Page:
Re: Scrum Failure statistics
- --- In firstname.lastname@example.org, Chris Brooks <brookscl@c...>
> On Fri, 11 Feb 2005 11:53:13 -0600, Ken Delong <ken.delong@v...> wrote:80%, depending on whether you believe Gartner, or Standish, or Cutter,
> > The high rate of failure in software is well established: 50% -
> Make sure you define "failure".
> For the Standish "Chaos" report in 1994 , the following definitions
> were used:
> For purposes of the study, projects were classified into three
>How does Scrum fit in with these categories? It's not simple. At our
best, we claim to:
- deliver incrementally, starting well in advance of the final
- discover and deliver what the customer *needs*, rather than the
legalistic and simplistic "as initially specified";
- if we're doing our job right, the project may well be cancelled
while there are still some items in the backlog - those low-return
items that don't warrant the demonstrated of development. Some of
these may even be from the sacred "as initially specified" list!
Comparing this with the list below feels like apples-and-oranges to
me. Below, measurements are in terms of "number of features" rather
than value of features to the customer, and in terms of "contracted
requirements" rather than "real requirements". There is no room in
these categories for one big strength of Scrum (and Agile in general):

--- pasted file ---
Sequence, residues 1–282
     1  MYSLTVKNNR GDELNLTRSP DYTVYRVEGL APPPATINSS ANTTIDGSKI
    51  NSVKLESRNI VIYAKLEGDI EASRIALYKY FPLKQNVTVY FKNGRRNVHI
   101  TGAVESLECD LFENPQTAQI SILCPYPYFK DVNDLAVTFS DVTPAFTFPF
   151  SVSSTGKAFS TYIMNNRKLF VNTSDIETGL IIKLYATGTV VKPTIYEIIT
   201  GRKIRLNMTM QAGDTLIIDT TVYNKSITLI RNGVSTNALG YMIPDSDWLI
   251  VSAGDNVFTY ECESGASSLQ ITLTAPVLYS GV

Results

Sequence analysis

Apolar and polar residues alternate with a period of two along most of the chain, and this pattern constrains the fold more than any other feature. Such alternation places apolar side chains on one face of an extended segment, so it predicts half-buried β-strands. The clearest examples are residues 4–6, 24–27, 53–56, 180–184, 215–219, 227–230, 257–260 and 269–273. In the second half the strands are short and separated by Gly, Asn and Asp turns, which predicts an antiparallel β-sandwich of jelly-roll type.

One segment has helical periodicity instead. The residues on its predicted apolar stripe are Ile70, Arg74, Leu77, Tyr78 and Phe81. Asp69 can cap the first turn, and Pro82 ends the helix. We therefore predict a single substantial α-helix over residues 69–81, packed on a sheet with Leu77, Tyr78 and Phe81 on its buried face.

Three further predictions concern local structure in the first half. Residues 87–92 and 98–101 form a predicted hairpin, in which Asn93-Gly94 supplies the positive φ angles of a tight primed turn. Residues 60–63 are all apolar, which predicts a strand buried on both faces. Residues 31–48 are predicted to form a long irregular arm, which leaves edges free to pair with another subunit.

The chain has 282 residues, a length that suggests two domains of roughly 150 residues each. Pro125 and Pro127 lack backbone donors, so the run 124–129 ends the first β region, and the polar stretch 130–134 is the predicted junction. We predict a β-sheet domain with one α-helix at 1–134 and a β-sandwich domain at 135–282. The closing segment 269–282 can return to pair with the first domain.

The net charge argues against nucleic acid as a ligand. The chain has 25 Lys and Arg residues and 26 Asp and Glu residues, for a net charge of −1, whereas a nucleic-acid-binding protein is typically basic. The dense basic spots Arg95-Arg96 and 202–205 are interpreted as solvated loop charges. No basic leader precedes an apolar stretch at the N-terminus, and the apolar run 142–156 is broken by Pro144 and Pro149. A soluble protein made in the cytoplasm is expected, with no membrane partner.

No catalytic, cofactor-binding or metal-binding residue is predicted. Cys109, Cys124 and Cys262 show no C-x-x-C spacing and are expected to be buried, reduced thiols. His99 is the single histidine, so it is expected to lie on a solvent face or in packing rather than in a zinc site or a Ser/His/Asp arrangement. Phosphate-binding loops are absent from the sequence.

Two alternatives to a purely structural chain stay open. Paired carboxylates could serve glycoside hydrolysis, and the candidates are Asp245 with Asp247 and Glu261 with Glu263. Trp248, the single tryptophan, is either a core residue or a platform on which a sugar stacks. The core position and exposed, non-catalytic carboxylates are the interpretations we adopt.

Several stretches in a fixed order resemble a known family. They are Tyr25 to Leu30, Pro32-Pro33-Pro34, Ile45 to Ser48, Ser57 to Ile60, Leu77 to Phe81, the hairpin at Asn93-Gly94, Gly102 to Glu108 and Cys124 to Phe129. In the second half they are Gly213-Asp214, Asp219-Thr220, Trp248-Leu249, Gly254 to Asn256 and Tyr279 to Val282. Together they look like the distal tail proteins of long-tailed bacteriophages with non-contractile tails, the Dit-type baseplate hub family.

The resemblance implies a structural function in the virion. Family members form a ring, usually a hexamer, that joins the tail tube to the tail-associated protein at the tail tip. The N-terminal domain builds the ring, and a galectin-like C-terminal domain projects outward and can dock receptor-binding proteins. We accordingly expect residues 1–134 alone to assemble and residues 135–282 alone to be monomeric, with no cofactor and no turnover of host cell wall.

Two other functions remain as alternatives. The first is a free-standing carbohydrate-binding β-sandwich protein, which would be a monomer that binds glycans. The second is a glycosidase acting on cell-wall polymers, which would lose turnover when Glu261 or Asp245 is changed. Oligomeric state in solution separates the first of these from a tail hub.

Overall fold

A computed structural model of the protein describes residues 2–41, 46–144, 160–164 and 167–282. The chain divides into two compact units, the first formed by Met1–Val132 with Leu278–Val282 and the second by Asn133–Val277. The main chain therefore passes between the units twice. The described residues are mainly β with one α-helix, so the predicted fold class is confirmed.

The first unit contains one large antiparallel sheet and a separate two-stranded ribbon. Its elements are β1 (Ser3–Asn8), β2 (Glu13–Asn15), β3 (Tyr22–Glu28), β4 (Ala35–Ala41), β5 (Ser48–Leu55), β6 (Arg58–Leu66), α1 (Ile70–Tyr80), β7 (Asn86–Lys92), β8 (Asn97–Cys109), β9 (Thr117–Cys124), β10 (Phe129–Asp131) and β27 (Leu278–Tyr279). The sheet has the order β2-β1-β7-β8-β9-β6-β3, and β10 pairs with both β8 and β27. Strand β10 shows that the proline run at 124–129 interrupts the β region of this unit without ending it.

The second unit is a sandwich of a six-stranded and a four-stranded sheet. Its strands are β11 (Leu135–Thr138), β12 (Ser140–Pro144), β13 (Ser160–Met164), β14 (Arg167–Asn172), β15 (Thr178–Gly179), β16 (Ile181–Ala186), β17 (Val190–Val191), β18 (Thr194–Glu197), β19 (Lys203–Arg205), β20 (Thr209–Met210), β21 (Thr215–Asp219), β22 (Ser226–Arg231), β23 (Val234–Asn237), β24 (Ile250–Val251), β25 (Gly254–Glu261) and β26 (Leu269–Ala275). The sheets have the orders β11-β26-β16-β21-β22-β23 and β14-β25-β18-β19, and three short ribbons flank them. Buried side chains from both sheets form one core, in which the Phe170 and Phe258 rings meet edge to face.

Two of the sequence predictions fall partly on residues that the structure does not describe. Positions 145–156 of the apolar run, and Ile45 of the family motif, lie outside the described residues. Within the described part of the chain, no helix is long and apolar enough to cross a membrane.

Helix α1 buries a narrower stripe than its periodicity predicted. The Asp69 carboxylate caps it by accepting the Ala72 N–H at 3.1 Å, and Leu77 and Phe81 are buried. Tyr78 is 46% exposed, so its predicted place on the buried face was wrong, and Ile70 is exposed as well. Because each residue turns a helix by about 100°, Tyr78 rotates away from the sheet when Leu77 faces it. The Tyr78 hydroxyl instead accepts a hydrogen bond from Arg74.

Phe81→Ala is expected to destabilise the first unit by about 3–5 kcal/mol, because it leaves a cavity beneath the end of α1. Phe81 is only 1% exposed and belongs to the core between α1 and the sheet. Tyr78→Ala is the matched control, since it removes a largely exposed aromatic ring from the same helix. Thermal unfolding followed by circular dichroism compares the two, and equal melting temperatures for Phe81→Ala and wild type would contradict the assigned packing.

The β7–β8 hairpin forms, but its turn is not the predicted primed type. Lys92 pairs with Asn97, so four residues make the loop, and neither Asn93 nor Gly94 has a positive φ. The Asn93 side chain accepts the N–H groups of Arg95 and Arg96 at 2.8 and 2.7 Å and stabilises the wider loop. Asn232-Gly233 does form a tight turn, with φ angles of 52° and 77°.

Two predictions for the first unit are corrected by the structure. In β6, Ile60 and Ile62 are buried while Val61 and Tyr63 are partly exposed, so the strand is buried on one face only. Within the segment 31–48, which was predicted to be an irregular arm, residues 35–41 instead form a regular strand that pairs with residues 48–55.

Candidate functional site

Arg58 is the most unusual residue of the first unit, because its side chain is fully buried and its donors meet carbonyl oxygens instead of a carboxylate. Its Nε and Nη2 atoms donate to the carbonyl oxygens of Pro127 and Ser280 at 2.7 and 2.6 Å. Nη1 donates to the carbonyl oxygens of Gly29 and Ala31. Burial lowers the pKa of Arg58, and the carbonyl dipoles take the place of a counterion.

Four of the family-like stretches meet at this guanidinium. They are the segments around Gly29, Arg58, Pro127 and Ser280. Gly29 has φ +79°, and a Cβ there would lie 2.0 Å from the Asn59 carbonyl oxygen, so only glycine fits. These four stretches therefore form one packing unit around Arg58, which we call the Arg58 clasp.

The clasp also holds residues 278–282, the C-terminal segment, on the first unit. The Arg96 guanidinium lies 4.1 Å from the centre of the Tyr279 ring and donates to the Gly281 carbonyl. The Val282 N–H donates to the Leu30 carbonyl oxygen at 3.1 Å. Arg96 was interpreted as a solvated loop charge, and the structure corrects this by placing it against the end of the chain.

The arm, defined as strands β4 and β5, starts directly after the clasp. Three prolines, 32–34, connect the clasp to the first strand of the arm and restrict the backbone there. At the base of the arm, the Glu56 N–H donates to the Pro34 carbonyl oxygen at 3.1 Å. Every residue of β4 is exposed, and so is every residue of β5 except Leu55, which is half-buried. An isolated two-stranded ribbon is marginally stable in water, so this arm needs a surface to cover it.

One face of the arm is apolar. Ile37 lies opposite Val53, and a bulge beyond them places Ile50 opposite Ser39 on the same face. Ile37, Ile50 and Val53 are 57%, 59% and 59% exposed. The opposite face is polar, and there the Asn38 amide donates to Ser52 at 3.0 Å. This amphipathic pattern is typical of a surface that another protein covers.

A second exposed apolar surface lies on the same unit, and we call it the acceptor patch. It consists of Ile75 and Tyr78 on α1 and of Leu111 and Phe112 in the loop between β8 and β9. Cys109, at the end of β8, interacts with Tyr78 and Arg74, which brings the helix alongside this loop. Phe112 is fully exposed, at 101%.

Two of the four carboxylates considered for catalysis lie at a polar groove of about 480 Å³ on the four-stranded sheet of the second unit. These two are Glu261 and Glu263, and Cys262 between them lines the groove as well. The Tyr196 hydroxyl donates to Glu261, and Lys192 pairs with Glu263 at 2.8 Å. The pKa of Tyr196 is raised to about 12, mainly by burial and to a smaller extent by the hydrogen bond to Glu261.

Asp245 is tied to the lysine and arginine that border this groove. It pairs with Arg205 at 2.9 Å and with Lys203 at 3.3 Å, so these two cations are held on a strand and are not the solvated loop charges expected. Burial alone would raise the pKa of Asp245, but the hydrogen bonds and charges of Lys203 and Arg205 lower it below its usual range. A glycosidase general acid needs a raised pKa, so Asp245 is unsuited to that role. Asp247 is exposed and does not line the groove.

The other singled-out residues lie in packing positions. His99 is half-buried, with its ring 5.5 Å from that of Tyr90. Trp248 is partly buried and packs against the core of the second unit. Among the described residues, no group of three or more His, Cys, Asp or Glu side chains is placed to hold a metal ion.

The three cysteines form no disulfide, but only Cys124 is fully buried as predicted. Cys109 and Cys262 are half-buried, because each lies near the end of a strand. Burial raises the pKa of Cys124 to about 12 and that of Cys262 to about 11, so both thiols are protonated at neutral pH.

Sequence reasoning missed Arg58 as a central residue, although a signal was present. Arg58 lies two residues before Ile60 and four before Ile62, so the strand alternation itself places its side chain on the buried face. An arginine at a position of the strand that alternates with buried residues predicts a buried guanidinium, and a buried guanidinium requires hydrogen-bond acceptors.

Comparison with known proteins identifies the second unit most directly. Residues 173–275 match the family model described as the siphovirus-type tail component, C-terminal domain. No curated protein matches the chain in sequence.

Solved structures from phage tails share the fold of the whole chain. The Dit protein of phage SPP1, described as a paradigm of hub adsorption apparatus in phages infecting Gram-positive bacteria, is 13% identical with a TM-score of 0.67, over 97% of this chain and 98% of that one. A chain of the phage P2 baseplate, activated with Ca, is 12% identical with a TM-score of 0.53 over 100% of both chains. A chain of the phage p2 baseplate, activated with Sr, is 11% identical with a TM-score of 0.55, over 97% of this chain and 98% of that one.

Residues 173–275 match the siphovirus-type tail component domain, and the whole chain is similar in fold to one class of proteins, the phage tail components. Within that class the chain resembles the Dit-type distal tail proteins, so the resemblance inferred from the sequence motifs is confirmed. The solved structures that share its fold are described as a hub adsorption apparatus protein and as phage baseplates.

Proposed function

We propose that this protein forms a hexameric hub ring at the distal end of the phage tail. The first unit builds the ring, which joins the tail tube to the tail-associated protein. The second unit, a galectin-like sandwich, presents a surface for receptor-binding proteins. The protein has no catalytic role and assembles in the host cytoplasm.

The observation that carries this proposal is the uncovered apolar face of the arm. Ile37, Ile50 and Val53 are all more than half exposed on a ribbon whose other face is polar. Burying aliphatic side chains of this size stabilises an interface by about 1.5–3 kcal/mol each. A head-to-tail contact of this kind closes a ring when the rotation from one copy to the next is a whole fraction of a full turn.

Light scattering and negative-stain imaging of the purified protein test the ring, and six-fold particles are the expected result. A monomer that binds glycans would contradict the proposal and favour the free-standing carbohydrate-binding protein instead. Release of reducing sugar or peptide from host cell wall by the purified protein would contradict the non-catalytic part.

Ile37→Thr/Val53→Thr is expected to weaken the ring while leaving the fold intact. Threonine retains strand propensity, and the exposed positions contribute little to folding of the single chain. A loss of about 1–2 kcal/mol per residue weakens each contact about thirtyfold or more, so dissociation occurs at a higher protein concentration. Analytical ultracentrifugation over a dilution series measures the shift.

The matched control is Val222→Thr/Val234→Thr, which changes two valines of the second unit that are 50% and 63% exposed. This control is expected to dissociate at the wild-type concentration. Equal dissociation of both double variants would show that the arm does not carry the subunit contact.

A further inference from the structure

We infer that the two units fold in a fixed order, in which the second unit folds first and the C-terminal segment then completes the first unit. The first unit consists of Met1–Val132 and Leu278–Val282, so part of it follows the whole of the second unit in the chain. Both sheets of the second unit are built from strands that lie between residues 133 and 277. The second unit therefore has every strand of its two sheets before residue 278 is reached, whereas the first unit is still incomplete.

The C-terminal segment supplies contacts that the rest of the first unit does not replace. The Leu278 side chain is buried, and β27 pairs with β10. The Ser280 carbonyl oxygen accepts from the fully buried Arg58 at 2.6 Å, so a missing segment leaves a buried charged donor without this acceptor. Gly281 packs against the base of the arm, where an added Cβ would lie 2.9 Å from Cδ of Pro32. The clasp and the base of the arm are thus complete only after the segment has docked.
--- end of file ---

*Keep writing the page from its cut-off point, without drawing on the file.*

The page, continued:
when business constraints change, we can turn on a dime and deliver
"later" features earlier, to gain business advantage. Which is more
important - the "plan" or the customer's success? How do we measure that?
> Resolution Type 1, or project success: The project is completedI totally agree
> on-time and on-budget, with all features and functions as initially
> Resolution Type 2, or project challenged: The project is completed
> and operational but over-budget, over the time estimate, and offers
> fewer features and functions than originally specified.
> Resolution Type 3, or project impaired: The project is canceled at
> some point during the development cycle.
> Overall, the success rate was only 16.2%, while challenged projects
> accounted for 52.7%, and impaired (canceled) for 31.1%.
> Their definitions are somewhat at odds with an Agile approach like
> Scrum where you are much more likely to have not defined the entire
> scope of the project up front. Some would argue that most Scrum
> projects, even those deemed "successful", would fall into the
> Resolution Type 2 category.
> I'm not saying I agree with the Standish methodology. I'm just
> asserting that there are many different definitions out there for what
> success and failure are.
>  http://www1.standishgroup.com/sample_research/chaos_1994_1.php
> Chris Brooks